In an effort to better equip fans on the makeup, abilities, and scheme of our team, I will somewhat accurately explain the way we'll likely use certain players on offense and defense in the coming football season based on what I have seen and heard over the past several months. This isn't meant to be a comprehensive season preview. It is instead a look at what we will or should do schematically with what we have on our team.
What follows ia a brief position-by-position breakdown and a short description of the offensive outlook.
The Rebels have two quarterbacks contending for the starting job in JR Randall Mackey and SO Barry Brunetti, a West Virginia transfer. Both are promising players who have shown the ability to scramble and throw relatively well. Brunetti has taken fewer than 100 division one snaps. Mackey has taken zero. Quarterbacks obviously play a large part in the success or failure of any team, but I wouldn't count on us to lean on either very much this year. Houston Nutt recently remarked that he simply wanted someone who wouldn't lose the game for the team.
As far as how we'll use whichever one wins the battle (I personally believe Brunetti to have the edge at this point), we're basically going to try and mirror the way we used Masoli last year. Because of the speed at the quarterback position, we're probably going to run a decent amount of the spread option (sproption) stuff we saw last year. The zone read will be a staple as will end arounds. One diffrerence between Masoli and these two quarterbacks is that neither Brunetti nor Mackey appears to have the bulldozing ability that Masoli showed some last year - with a slight edge in the "droppin the shoulder into a defensive back" category going to Brunetti. They're going to run away from defenders and not through them. While this should result in a few more long runs, it also makes picking up tough yardage a little bit more difficult.
Luckily, we have a halfback in SR Brandon Bolden who can churn out tough yards. As we did last year, we'll use Bolden in very typical halfback ways. He'll pound the ball up the middle or run off tackle. Bolden has always been a threat out of hte backfield as well, and I hope we utilize that ability even more this year with so much inexperience in our passing game. he's a reliable guy who is extremely likely to finally hit the 1,000 rushing yard mark. Bolden is our bruiser, but he's got better speed than many think. If he gets a chance to break away against teams without defenders with elite speed, he's gone.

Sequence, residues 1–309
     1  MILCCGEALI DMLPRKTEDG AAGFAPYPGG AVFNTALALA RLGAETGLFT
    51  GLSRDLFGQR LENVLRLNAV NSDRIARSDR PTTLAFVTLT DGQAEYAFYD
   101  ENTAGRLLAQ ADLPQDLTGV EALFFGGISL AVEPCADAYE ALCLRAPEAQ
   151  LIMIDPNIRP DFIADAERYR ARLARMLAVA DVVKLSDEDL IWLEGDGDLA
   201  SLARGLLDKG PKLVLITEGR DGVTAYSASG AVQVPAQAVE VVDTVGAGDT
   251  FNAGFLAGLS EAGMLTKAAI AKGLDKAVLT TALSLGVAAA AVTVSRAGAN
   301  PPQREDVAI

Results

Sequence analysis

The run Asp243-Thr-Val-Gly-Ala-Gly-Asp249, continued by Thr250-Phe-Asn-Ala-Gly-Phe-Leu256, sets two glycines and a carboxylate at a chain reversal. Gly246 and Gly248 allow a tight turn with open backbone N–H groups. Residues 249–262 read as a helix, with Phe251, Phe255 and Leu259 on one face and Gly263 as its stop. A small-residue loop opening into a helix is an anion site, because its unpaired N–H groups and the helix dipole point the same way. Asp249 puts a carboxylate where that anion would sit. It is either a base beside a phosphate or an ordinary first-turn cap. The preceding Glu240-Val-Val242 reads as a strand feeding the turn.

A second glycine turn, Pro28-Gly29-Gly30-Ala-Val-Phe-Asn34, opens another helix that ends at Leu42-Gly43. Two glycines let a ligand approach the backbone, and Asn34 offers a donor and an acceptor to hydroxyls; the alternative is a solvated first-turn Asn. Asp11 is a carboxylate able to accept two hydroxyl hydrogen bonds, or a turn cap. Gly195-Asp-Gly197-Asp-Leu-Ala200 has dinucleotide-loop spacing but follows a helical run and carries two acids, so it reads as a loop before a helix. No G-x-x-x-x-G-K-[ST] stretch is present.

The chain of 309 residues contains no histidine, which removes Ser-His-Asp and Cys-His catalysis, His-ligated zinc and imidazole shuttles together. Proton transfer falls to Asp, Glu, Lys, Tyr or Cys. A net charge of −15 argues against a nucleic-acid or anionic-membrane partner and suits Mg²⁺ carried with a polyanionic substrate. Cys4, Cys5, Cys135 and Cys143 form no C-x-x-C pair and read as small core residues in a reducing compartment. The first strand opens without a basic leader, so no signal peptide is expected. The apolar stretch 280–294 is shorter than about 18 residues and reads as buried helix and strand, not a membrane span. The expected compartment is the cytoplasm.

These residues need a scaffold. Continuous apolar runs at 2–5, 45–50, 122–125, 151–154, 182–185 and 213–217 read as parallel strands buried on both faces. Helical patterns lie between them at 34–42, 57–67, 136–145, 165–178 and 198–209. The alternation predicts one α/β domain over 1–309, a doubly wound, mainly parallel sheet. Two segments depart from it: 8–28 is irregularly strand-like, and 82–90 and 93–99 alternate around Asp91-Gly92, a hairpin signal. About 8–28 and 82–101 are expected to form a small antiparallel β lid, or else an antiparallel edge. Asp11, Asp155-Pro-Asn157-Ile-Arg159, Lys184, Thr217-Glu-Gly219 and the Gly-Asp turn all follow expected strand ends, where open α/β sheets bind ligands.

But not as much as sophomore Jeff Scott. Scott proved himself to be a home run hitter as a true freshman last year when he averaged 6.5 yards per carry. That's an exceptional stat, but I think that Scott can improve his game a good bit even if some of it results in that YPC stat dropping. He was very much a boom or bust back last year and only averaged 39 yards per game despite single game results of 134 against Auburn and 74 against Fresno State. In the season ending loss to Mississippi State, Scott managed just twelve yards on six carries. He needs to become more consistent if he's going to increase his carries much. We (hopefully) will use Scott in non-traditional ways. As I mentioned in the shameless NESTEA (have you bought your tea yet?) promotion post, I want him coming out of the slot, running the wild rebel, and playing a sort of h-back position every now and then when additional blocking isn't paramount to a play.
The coaches will be sure to use InRick Davis every now and then to make fans wonder what they're doing, but the aforementioned Bolden and Scott will certainly be the primary ball carriers.
I'd be lying if I said I knew much about the way fullbacks are utilized in our system (other than that they block), but the two to look for are the double-initial-for-a-first-name wonders HR Greer and EJ Epperson. Epperson, if you'll recall, imagines himself as a "bowling ball filled with knives" at the fullback position, so we'll give him the nod if only because the image of an anthropomorphic ball filled with sharp things scares us.
At receiver, the Rebels return several options and added great pieces in the freshman class. Junior Melvin Harris is a tall, lanky receiver who, at 6'6", has the potential to create huge mismatches against cornerbacks. We will use him to stretch the field some, but Nutt also likes to throw him screens (which makes no sense at all). I think that ideally Harris would be a player we relied more on for possession situations instead of deep balls, but we're going to throw deep to him some as well due solely to his height.
Sophomore Ja-Mes Logan is a solid possession receiver who was our most reliable target by the end of the season. If you paid attention, you noticed that his number was called much more than any other receiver's on third down in the final few games last year. He's not incredibly fast, but he can get open. As of right now, he's a poor man's Shay Hodge.